Loaded language

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In rhetoric, loaded language (also known as loaded terms or emotive language) is wording that attempts to influence an audience by using appeal to emotion or stereotypes.[1][2][3] Such wording is also known as high-inference language or language persuasive techniques.

Loaded words and phrases have strong emotional implications and involve strongly positive or negative reactions beyond their literal meaning. For example, the phrase tax relief refers literally to changes that reduce the amount of tax citizens must pay. However, use of the emotive word relief implies that all tax is an unreasonable burden to begin with. Examples of loaded language are "You want to go to the mall, don't you?" and "Do you really want to associate with those people?".

The appeal to emotion is often seen as being in contrast to an appeal to logic and reason. However, emotion and reason are not necessarily always in conflict, nor is it true that an emotion cannot be a reason for an action. Authors R. Malcolm Murray and Nebojsa Kujundzic distinguish "prima facie reasons" from "considered reasons" when discussing this. A prima facie reason for, say, not eating mushrooms is that one does not like mushrooms. This is an emotive reason. However, one still may have a considered reason for not eating mushrooms: one might consume enough of the relevant minerals and vitamins that one could obtain from eating mushrooms from other sources. An emotion, elicited via emotive language, may form a prima facie reason for action, but further work is required before one can obtain a considered reason.[3]

Emotive arguments and loaded language are particularly persuasive because they exploit the human weakness for acting immediately based upon an emotional response, without such further considered judgment. Due to such potential for emotional complication, it is generally advised to avoid loaded language in argument or speech when fairness and impartiality is one of the goals. Anthony Weston, for example, admonishes students and writers: "In general, avoid language whose only function is to sway the emotions".[1][3]


Politicians cultivate loaded language, and often study how to use it effectively: which words to use or avoid using to gain political advantage or disparage an opponent. Heller gives the example that it is common for a politician to advocate "investment in public services", because it has a more favorable connotation than "public spending".[4] Contrast the extremely negative formulation of "the tax-and-spend politicians borrowing off the backs of our grandchildren" with the extremely positive formulation of "the public servants ensuring crucial investment in our essential infrastructure for the public good", in describing exactly the same thing ("government spending" which is the neutral version of the phrase).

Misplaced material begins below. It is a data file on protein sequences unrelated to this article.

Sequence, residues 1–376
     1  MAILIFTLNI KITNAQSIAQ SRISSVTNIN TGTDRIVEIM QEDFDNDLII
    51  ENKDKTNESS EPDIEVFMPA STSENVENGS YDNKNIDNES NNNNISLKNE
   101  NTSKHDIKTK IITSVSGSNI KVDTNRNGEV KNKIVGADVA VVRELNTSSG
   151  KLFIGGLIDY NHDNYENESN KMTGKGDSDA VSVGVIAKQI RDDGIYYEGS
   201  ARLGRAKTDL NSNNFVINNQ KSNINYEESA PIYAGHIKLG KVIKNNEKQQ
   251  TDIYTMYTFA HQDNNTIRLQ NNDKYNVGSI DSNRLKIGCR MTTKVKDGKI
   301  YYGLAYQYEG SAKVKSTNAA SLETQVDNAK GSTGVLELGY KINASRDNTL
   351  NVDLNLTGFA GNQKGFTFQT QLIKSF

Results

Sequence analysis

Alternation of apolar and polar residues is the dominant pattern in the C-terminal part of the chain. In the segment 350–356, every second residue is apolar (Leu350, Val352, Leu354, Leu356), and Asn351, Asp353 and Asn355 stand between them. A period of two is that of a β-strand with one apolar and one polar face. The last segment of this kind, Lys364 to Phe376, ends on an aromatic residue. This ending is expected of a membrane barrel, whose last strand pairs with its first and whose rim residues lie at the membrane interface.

One aspect of loaded language is that loaded words and phrases occur in pairs, sometimes as political framing techniques by individuals with opposing agendas. Heller calls these "a Boo! version and a Hooray! version" to differentiate those with negative and positive emotional connotations. Examples include bureaucrat versus public servant, pro-life versus anti-choice, regime versus government, and elitist versus expert.[4]

Following the September 11 attacks, the word madrassa (which means "school" in Arabic) was loaded with negative connotations by Western media outlets that equated schools that teach primary education subjects with extremism. The YaleGlobal Online magazine claims that bias in U.S. newspaper coverage of Pakistan has increased since the September 11 attacks.[5] Politicians including Newt Gingrich,[5] Donald Rumsfeld,[6] and Colin Powell.[7] have used the word madrassa in a negative context.

In the 1946 essay "Politics and the English Language", George Orwell discussed the use of loaded language in political discourse.

The word Fascism has now no meaning except in so far as it signifies "something not desirable." The words democracy, socialism, freedom, patriotic, realistic, justice have each of them several different meanings which cannot be reconciled with one another. In the case of a word like democracy, not only is there no agreed definition, but the attempt to make one is resisted from all sides. It is almost universally felt that when we call a country democratic we are praising it: consequently the defenders of every kind of regime claim that it is a democracy, and fear that they might have to stop using that word if it were tied down to any one meaning.[8]

See also[edit]


  1. ^ a b Anthony Weston (2000). A Rulebook for Arguments. Hackett Publishing. p. 6. ISBN 978-0-87220-552-9. 
  2. ^ Larry Lavender (1996). Dancers Talking Dance. Human Kinetics. p. 72. ISBN 978-0-87322-667-7. 
  3. ^ a b c Malcolm Murray and Nebojsa Kujundzic (2005). Critical Reflection. McGill Queen's University Press. p. 90. ISBN 978-0-7735-2880-2. 
  4. ^ a b Richard Heller (2002). High Impact Speeches. Pearson Education. p. 54. ISBN 978-0-273-66202-0. 
  5. ^ a b Moeller, Susan (2007-06-21). "Jumping on the US Bandwagon for a "War on Terror"". Yale Global Online. Yale Center for the Study of Globalization. 
  6. ^ Rumsfeld, Donald (2003-10-16). "Rumsfeld's war-on-terror memo" (Transcript). USA Today. Retrieved 2008-01-14. 
  7. ^ "Madrassas breeding grounds of terrorists: Powell". The Tribune. 2004-03-11. Retrieved 2008-01-14. 
  8. ^ "Politics and the English Language", Horizon, April 1946, retrieved 2012-02-12 

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